Generations Timeline, Specs and Pictures
Essentially an open-top, roadster version of the 812 Superfast, the Ferrari 812 GTS hasn’t had a direct predecessor for over half a century.
To be more exact, save for a few special limited edition models, Ferrari last offered a convertible with a front-mounted V12 engine back in 1969, with the 365 GTS4, also known as the Daytona Spyder after Maranello’s victory at the 1967 24 Hours of Daytona.
The model uses a retractable hardtop that can be opened in just 14 seconds and at speeds of up to 45 kph. Its electrically heated rear screen also acts as a wind-stop when the top is down, keeping the interior wind-free in convertible mode. Since the car is based on the 812 Superfast, most of its technical details are borrowed straight from the grand tourer, including its screaming naturally aspirated V12. The 812 GTS powertrain develops no less than 800 horsepower and 718 Nm of torque, while the rev limit is a stratospheric 8900 rpm. Despite being high-revving, approximately 80 percent of its maximum torque is available at as low as 3500 rpm for improved drivability at lower speeds. Despite a weight increase of 75 kg, caused by the extra strength added to the chassis, the Ferrari 812 GTS can accelerate almost as quick as the 812 Superfast. It can go from 0 to 100 kph (62 mph) in under 3 seconds, while its top speed is identical to the berlinetta at 340 kph.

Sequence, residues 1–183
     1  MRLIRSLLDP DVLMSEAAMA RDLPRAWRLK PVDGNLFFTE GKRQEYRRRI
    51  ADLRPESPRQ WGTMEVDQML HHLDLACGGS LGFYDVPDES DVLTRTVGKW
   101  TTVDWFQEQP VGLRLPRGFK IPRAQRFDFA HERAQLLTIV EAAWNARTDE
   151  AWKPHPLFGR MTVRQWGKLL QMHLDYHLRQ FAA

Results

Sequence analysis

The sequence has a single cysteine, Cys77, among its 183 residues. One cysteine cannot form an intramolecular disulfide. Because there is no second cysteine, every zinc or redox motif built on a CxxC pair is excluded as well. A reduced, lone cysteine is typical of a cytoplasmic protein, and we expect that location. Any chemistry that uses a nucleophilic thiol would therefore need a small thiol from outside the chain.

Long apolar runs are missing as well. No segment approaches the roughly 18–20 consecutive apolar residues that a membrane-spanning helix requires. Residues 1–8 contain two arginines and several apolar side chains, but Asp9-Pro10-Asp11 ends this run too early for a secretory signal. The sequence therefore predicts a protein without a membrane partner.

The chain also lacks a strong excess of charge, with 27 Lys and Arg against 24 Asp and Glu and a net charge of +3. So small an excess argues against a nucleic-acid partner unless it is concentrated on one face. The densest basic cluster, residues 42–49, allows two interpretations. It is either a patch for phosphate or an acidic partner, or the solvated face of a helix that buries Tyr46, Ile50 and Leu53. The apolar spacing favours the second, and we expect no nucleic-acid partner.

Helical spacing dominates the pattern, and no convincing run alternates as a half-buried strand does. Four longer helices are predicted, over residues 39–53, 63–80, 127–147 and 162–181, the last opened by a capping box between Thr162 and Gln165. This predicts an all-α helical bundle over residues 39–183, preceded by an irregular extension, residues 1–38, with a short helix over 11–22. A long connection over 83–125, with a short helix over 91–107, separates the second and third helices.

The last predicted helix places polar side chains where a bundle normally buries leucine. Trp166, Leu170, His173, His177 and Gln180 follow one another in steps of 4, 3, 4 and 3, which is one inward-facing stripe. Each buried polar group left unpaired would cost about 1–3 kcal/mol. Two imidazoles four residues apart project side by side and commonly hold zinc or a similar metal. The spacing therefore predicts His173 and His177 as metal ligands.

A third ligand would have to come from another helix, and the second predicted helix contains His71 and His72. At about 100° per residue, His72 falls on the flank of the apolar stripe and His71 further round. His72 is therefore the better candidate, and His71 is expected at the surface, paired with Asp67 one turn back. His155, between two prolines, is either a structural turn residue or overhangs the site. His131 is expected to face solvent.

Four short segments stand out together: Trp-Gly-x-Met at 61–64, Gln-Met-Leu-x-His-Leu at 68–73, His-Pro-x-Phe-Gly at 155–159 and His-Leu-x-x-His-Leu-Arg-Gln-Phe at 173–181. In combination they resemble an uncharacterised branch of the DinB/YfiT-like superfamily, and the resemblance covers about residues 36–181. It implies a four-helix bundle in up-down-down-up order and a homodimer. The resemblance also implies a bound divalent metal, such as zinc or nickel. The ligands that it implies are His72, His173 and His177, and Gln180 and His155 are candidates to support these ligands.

Most of the Ferrari in history had a specific appeal, and they were significant for their times, but when it introduced a flagship model, it was a stunning appearance such as the 2017 812 Superfast.
Ferrari always was a symbol of power, performance, beauty, and speed, and the 812 was all of that. It was premiered at the 2017 Geneva Motor Show, and it was the fastest, quickest, and most potent in the Ferrari’s 70 years history. It goes without saying that it was packed with race-inspired technologies.
The Ferrari Styling Center, led by Flavio Manzoni, designed the lines of the 812. At the front, the design team incorporated air-intakes next to the LED-headlights, and the V-shapes over the hood diverted the air around the cabin. On the sides, the air escaped through the air-vents behind the front wheels flow toward the rear over sculptured door panels, diverted over the rear shoulders. Manzoni took its inspiration from past glorious models such as the 1969 365 GTB for the back’s high tail. In the rear, the four-round taillights were already traditional for the Italian brand.
Inside, the car featured a pair of sport bucket seats with high bolstering on the sides. The dashboard was curved and clean, without any big-screen infotainment systems. Like the F12 TDF before, there was a small screen in front of the passenger displaying the information for the audio system. The instrument cluster featured a big, center tachometer with a yellow dial and a red needle and two side TFT screens for other onboard computer data.
Under the hood, Ferrari installed a naturally aspirated V12 engine that provided 800 hp at 8.500 rpm. It was mated to a seven-speed automatic (dual-clutch) gearbox.